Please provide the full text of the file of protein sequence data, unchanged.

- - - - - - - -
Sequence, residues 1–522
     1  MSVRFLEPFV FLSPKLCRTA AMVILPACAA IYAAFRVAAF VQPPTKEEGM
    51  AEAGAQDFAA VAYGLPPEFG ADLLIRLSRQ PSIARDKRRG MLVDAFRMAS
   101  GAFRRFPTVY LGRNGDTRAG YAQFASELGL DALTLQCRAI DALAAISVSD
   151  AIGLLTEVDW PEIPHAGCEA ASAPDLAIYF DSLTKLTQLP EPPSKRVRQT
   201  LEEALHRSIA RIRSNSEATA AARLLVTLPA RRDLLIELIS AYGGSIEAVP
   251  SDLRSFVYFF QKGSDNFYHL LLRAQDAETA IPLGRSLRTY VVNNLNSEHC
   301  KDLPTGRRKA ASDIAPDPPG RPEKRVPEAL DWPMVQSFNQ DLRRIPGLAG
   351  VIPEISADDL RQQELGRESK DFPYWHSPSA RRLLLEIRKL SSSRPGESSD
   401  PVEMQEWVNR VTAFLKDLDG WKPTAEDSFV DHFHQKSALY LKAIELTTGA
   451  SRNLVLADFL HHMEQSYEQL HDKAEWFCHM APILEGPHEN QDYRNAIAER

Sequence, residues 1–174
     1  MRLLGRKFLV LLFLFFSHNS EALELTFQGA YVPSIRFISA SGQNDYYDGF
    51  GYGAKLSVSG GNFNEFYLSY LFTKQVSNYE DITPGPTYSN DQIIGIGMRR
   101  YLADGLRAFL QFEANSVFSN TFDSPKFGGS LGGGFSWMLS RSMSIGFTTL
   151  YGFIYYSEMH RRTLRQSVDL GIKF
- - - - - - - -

Sequence, residues 1–522
     1  MSVRFLEPFV FLSPKLCRTA AMVILPACAA IYAAFRVAAF VQPPTKEEGM
    51  AEAGAQDFAA VAYGLPPEFG ADLLIRLSRQ PSIARDKRRG MLVDAFRMAS
   101  GAFRRFPTVY LGRNGDTRAG YAQFASELGL DALTLQCRAI DALAAISVSD
   151  AIGLLTEVDW PEIPHAGCEA ASAPDLAIYF DSLTKLTQLP EPPSKRVRQT
   201  LEEALHRSIA RIRSNSEATA AARLLVTLPA RRDLLIELIS AYGGSIEAVP
   251  SDLRSFVYFF QKGSDNFYHL LLRAQDAETA IPLGRSLRTY VVNNLNSEHC
   301  KDLPTGRRKA ASDIAPDPPG RPEKRVPEAL DWPMVQSFNQ DLRRIPGLAG
   351  VIPEISADDL RQQELGRESK DFPYWHSPSA RRLLLEIRKL SSSRPGESSD
   401  PVEMQEWVNR VTAFLKDLDG WKPTAEDSFV DHFHQKSALY LKAIELTTGA
   451  SRNLVLADFL HHMEQSYEQL HDKAEWFCHM APILEGPHEN QDYRNAIAER

Sequence, residues 1–174
     1  MRLLGRKFLV LLFLFFSHNS EALELTFQGA YVPSIRFISA SGQNDYYDGF
    51  GYGAKLSVSG GNFNEFYLSY LFTKQVSNYE DITPGPTYSN DQIIGIGMRR
   101  YLADGLRAFL QFEANSVFSN TFDSPKFGGS LGGGFSWMLS RSMSIGFTTL
   151  YGFIYYSEMH RRTLRQSVDL GIKF